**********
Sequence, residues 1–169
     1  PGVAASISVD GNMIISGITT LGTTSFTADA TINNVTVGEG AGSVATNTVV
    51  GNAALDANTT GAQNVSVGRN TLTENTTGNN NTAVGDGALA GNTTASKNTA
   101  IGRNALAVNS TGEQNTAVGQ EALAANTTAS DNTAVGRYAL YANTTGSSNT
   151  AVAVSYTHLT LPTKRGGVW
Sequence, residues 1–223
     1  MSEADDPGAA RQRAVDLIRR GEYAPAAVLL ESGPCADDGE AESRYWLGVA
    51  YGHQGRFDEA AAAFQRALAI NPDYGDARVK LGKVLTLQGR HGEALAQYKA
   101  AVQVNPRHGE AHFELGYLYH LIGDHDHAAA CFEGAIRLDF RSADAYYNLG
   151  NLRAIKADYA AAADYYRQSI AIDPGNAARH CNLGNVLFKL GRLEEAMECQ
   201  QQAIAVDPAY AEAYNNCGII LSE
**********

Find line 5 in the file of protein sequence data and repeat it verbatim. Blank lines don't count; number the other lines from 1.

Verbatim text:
   151  AVAVSYTHLT LPTKRGGVW